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Sex Differences in the Effect of Inflammation on Subjective Social Status: A Randomized Controlled Trial of Endotoxin in Healthy Young Adults

Citation

Moieni, Mona; Muscatell, Keely A.; Jevtic, Ivana; Breen, Elizabeth C.; Irwin, Michael R.; & Eisenberger, Naomi I. (2019). Sex Differences in the Effect of Inflammation on Subjective Social Status: A Randomized Controlled Trial of Endotoxin in Healthy Young Adults. Frontiers in Psychology, 10, 2167. PMCID: PMC6781934

Abstract

It has been established that inflammation leads to a variety of changes in social experience, but one area of social experience that has been overlooked is subjective social status. Furthermore, given sex differences in the relationship between inflammation and social status, males may be more sensitive to inflammation-induced changes in social status. However, no previous studies in humans have examined this possibility. In the present study, healthy young participants (n = 115) were randomly assigned to receive either endotoxin, an experimental inflammatory challenge, or placebo. Participants reported their subjective social status at baseline (prior to injection), and approximately 2 h later (time of peak inflammatory response for the endotoxin group). Results, using ANCOVA analyses, indicated that males exposed to endotoxin, but not females, reported lower levels of subjective social status at the peak of inflammatory response (vs. placebo). These results suggest that males may be more sensitive to the effects of inflammation in certain social domains, such as perceived social status.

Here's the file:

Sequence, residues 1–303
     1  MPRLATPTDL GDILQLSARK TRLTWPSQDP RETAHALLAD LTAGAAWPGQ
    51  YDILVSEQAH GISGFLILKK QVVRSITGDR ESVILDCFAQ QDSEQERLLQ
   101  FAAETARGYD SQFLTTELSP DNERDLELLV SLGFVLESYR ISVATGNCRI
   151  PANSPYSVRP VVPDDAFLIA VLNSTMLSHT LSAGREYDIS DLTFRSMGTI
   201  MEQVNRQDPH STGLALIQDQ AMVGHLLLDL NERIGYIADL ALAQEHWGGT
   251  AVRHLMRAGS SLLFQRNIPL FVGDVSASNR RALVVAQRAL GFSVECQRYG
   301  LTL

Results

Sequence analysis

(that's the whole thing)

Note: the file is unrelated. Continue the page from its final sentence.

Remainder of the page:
URL

http://dx.doi.org/10.3389/fpsyg.2019.02167

Reference Type

Journal Article

Journal Title

Frontiers in Psychology

Author(s)

Moieni, Mona
Muscatell, Keely A.
Jevtic, Ivana
Breen, Elizabeth C.
Irwin, Michael R.
Eisenberger, Naomi I.

Year Published

2019

Volume Number

10

Pages

2167

PMCID

PMC6781934

Reference ID

12934